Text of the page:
Recent evidence has also linked light exposure to the production of the neurotransmitter serotonin, which is thought to influence mood. People who are affected by SAD appear to have difficulty regulating serotonin levels in their blood. That these levels can be increased by a diet rich in carbohydrates explains the intense carbohydrate cravings of many SAD patients. This theory also accounts for the success of selective serotonin-reuptake inhibitors, such as Prozac and Zoloft, when administered to patients suffering from depression. (4).

Luckily, as with clinical depression, SAD is treatable. Studies have proven light therapy to be the most successful method of controlling the illness. Exposing patients to non-ultraviolet light above 1500 lux, or 150 footcandles, has shown to affect respiration, blood pressure, body temperature, and the production of melatonin. (7). The type of light used for therapy is inconsequential (no appreciable differences in effectiveness were discovered among fluorescent, incandescent, and high intensity discharge units) though UV light is discouraged for its carcinogenic properties. It is rather the strength of light and duration of exposure that is crucial for successful therapy. A typical session using modern light boxes, which emit about 10,000 lux, lasts approximately 30 minutes. (9). Interestingly, best results have been obtained when the light sessions are performed before 10 am. Treatments administered later in the day were not effective, and even made symptoms worse in some cases. After approximately two weeks of this frequency and duration, sessions can be reduced to 15 minutes per day, and eventually to every other day. (7). (For reference, a typical home is lit at twilight by 250 lux, and mid-summer sun can produce almost 120,000 lux.) (9). While light therapy does appear to work for the majority of SAD patients, antidepressants are another alternative for more severe cases.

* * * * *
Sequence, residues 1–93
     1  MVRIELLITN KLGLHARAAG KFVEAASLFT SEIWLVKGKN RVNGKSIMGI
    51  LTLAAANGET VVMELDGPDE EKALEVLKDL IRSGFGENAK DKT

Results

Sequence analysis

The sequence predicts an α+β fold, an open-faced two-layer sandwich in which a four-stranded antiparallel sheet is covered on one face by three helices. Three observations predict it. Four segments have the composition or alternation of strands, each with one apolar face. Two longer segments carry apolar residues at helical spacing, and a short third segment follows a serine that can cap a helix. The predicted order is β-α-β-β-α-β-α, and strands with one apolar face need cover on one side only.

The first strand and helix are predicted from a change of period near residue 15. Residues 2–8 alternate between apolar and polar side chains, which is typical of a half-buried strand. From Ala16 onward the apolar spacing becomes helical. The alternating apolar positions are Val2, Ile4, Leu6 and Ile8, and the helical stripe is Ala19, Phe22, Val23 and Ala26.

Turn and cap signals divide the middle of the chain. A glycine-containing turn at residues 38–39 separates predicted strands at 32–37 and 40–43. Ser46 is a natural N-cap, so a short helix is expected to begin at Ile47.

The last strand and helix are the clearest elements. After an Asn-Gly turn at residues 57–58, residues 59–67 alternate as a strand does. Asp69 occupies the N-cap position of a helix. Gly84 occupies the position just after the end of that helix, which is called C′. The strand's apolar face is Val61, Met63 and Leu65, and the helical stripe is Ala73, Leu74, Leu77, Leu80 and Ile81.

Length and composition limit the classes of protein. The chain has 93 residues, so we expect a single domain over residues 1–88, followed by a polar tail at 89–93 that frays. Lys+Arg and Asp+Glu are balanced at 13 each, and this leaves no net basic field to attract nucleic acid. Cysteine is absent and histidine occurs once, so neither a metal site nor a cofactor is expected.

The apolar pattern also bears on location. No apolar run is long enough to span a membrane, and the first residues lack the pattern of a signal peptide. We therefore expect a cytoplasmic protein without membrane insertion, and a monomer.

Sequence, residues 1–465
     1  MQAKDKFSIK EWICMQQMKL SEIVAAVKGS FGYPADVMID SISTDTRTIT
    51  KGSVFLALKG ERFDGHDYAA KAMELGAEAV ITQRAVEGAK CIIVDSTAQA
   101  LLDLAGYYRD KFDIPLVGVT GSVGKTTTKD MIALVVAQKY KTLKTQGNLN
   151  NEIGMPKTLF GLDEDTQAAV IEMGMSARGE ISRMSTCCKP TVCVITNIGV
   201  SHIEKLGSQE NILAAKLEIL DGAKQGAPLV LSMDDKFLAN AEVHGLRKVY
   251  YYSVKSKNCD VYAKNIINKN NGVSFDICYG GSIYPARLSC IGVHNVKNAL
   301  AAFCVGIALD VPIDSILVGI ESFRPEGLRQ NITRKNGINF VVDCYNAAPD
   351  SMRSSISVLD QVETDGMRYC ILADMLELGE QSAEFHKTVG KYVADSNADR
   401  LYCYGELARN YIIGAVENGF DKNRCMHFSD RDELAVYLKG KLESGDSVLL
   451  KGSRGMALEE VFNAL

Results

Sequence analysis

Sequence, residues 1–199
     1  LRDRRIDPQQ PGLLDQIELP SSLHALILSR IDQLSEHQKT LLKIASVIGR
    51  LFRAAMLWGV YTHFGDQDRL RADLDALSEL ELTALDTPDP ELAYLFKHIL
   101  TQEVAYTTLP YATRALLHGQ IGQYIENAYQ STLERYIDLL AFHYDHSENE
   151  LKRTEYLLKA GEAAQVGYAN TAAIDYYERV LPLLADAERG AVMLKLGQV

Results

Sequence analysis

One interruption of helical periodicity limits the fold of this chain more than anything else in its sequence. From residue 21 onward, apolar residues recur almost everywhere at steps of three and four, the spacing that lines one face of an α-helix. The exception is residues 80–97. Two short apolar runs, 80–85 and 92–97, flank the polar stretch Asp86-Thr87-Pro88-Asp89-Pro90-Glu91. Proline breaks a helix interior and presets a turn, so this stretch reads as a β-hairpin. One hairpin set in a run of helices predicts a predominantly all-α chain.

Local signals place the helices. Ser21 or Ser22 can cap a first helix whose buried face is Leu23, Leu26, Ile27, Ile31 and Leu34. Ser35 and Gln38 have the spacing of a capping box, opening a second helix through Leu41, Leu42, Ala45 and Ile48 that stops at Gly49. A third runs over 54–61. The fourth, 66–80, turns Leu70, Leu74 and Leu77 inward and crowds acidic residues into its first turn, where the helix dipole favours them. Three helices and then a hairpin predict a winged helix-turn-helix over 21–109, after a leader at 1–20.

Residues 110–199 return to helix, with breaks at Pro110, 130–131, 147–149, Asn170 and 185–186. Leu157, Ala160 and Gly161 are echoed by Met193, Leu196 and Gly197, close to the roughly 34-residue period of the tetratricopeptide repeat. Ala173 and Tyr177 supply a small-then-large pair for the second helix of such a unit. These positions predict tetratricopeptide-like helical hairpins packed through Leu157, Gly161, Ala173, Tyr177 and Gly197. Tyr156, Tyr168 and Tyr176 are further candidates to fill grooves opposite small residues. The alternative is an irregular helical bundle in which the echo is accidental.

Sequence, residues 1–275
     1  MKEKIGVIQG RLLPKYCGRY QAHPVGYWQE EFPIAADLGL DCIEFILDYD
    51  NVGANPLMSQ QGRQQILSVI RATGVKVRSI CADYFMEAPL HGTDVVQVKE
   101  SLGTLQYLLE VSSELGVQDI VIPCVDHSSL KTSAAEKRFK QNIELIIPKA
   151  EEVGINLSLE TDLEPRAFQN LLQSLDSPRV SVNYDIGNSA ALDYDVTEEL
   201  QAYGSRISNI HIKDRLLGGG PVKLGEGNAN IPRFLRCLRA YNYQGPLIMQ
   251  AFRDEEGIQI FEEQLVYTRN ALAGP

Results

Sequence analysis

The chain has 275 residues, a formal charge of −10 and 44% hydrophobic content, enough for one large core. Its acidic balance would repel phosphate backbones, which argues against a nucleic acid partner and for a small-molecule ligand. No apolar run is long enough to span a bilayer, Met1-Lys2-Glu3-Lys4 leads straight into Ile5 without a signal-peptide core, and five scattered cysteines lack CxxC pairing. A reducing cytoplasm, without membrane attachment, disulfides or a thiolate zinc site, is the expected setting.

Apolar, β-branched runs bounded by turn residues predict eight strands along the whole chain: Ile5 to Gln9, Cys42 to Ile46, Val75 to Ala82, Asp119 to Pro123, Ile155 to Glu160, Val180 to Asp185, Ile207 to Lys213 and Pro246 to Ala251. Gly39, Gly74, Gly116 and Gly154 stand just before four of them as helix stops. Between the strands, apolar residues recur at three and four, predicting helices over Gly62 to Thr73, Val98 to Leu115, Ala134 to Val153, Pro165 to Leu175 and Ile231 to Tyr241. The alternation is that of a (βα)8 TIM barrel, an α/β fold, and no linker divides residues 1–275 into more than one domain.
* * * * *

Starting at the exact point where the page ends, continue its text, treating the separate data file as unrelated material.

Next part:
The only known way to prevent Seasonal Affective Disorder is to live in a warm, southerly climate. But that doesn't mean that those of us who have chosen the north as our home must suffer endlessly at the hands of winter. Following some of the these suggestions can help alleviate many of the unpleasant symptoms associated with SAD: 1. Get more natural sunlight by doing outdoor chores and keeping windows and blinds open in the home and office. 2. Go outside and walk briskly (even in cold weather) once during the course of the day-particularly effective at midday. 3. Sit near a window, preferably in the sun, whenever possible. 4. Join a support group with other similarly-afflicted people. 5. Try phototherapy. 6. Go south for vacation! (9).

WWW Sources

1) UBC/VHHSC Mood Disorders Clinic

2) Student information site

3) Student information site

4) Light therapy site

5) AOL site , access might be limited

6) Depression and Related Affective Disorders Association

7) Global Industry Lighting center

8) Life Extension Foundation

9) site devoted to various types of depression